In Zimbabwe they do not have the same petrol as in RSA, 93 and 95. They import petrol, and blend it with Sugarcane ethanol, which they produce in their country. It helps them import less and cuts costs. The name, Blend, is to not have any confusion. In the rest of Africa petrol is not blended. The 'Blend' petrol is fine to use and is internationally recognised. (Nov-14).
Reported to be expensive, coming to ZAR16.50 per litre. (May 2015).
Zimbabwe does not accept South African car insurance unless if bought through the AA. (2014).
Main mobile phone providers are Econet, Telecel and Netone, with a telecommunication booster in some of the remotest parts of the country continuing to benefit all. (Dec -14)
US Dollar is now the ruling currency. (June 2015).
When travelling to Zimbabwe, always make sure you have enough 1USD notes for road blocks (they 'don't have change' if you for instance pay with a 5USD note).
Take at least 100 one dollar notes - you can order them from your local bank. At some places, like shops, lollipops may be issued as change instead of money. (August 2011).
Expect to see a lot of filthy money as the one and two dollar notes, because the local Reserve Bank cannot replace them with new bills. It seems that nearly all roadside produce in Zim costs one dollar, from a loaf of bread to a bunch of tomatoes. (June 2015).
Both the South African Rand and the Botswana Pula are accepted in the south of the country and the government has recently minted Bond Coins to be used as change. (June 2015).
Travelling the top of Zimbabwe, there are many road blocks; make sure you have all the necessary documentation and all your lights etc. on your vehicle are working - you should not have any problems with the police then.
Also expect police road blocks before bigger towns.
Please confirm this information with the AA before embarking on your trip: Make sure you have the following in your car: a fire extinguisher, a reflective emergency jacket and 2 warning triangles, ZA sticker, tape reflectors which are white upfront, and red at the back, so 2 white reflective stickers on your cars front bumper and 2 red reflective stickers on the rear bumper.
The only additional requirements Zimbabwe have are additional reflectors on the front and rear of vehicles, and T-signage on the front and rear of the vehicle, and these must be on the right hands side of the trailer clearly visible. You are advised to display a 'ZA' sticker on both car and trailer. (Nov-14).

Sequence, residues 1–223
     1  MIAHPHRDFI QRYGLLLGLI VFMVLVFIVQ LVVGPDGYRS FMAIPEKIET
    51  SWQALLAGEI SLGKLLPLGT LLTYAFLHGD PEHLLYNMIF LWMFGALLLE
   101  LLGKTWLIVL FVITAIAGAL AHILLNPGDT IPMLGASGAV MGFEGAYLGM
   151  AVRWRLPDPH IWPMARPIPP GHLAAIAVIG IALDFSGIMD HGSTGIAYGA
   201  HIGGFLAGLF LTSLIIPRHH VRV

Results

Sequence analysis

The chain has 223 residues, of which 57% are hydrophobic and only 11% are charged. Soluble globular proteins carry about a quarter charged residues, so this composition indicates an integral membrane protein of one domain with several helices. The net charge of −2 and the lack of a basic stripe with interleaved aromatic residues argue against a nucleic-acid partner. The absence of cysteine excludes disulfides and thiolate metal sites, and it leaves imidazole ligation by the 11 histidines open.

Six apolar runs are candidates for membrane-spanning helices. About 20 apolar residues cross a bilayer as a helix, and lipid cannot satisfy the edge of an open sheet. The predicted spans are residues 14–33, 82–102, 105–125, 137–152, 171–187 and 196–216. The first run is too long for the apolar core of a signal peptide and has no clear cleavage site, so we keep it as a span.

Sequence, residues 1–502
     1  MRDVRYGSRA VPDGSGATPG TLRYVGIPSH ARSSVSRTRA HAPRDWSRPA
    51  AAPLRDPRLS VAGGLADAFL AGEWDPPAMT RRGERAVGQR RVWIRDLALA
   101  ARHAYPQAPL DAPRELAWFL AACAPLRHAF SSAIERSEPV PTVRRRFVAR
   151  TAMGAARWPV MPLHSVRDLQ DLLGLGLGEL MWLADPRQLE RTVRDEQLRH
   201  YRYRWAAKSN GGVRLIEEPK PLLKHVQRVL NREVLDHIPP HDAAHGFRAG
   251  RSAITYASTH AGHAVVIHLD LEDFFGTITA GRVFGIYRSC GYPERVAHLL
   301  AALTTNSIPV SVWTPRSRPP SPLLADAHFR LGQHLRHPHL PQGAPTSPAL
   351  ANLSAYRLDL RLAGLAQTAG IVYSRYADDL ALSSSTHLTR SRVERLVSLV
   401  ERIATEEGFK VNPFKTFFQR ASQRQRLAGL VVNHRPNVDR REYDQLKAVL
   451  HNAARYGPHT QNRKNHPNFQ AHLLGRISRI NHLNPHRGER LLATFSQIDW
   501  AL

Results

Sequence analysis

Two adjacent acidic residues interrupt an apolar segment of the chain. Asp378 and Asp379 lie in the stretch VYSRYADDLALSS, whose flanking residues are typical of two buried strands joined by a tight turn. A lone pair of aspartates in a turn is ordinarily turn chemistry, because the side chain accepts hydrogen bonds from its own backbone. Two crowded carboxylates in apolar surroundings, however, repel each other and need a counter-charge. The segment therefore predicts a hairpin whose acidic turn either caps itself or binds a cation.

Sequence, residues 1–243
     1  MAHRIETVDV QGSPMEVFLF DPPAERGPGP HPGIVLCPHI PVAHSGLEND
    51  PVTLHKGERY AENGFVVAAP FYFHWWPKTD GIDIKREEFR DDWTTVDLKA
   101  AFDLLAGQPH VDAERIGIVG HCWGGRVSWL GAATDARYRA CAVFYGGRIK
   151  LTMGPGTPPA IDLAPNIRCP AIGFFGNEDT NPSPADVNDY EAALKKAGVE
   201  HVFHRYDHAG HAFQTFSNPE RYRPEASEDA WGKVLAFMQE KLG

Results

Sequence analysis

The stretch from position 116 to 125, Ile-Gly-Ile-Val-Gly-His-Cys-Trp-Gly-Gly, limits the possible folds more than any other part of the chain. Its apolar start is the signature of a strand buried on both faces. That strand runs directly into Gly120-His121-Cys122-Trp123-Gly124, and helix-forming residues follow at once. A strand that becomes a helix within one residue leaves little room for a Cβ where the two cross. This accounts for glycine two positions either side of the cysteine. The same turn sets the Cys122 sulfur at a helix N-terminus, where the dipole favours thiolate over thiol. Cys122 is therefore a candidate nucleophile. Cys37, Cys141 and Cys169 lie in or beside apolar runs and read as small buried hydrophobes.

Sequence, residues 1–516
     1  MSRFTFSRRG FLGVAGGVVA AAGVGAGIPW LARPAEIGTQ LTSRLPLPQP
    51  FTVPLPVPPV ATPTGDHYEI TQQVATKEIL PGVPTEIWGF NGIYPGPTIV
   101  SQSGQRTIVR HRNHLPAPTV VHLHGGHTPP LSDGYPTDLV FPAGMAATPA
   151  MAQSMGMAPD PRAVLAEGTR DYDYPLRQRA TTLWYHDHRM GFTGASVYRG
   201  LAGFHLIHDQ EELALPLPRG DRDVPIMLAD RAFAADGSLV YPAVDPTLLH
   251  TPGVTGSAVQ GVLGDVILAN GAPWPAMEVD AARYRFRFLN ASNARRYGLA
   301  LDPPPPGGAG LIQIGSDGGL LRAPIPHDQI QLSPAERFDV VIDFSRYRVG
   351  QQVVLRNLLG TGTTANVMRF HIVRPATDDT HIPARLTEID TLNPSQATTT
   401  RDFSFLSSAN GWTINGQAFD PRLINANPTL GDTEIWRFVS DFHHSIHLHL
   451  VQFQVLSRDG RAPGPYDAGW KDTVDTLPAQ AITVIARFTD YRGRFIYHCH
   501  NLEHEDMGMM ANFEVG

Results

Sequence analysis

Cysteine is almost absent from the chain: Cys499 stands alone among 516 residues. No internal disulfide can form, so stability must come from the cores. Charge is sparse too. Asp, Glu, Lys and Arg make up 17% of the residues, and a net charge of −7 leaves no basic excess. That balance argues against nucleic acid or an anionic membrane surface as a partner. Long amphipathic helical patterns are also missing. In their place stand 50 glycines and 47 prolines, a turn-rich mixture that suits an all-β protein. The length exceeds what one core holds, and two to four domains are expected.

Sometimes motorbikes are allowed to just pass through road blocks, with a quick passport check. If police try to hassle you, just be polite but firm. Stick to speed limits. Max fine you can get is 20USD. (Mar-14).
If you are towing, you may need an additional T sticker on your vehicle and trailer. (Jun-12).
If wanting to use 2 way radios with large antenna's on the car roof: you are required to get a temporary guest license by going through the country's beauracratic process, but that can be cumbersome. If caught without a license for this, you can get fined. A traveller reported going through over 20 road blocks, without any questions asked. They were only questioned at one stop, and after explaining the radios were for private use between their own vehicles, it was fine. (Dec-2012).
If you don't follow vehicle regulations, Zimbabwe police will try to stop and fine you. You may end up paying the same fine at a few road blocks, so it is not worth it. (Nov-14).
When travelling in Zimbabwe, be prepared to be stopped at many roadblocks. If your vehicle and trailers comply with South African law you should be ok. Be friendly and respectful, if you are impatient or rude, they will find any reason to fine you, like driving a 'dirty car' that is full of mud. (Nov-14).
Travellers reported encountering many police road blocks, but never once had any problems or were asked for a bribe. (May 2015).
Don't take chances with regards to vehicle and travel regulations, just stick to the rules - compliance costs little! Shona greetings and smiles will work wonders when passing through road blocks! In Zimbabwe it is also against the law to photograph public, government, police or military buildings. Civilians are not allowed to wear camouflaged clothing.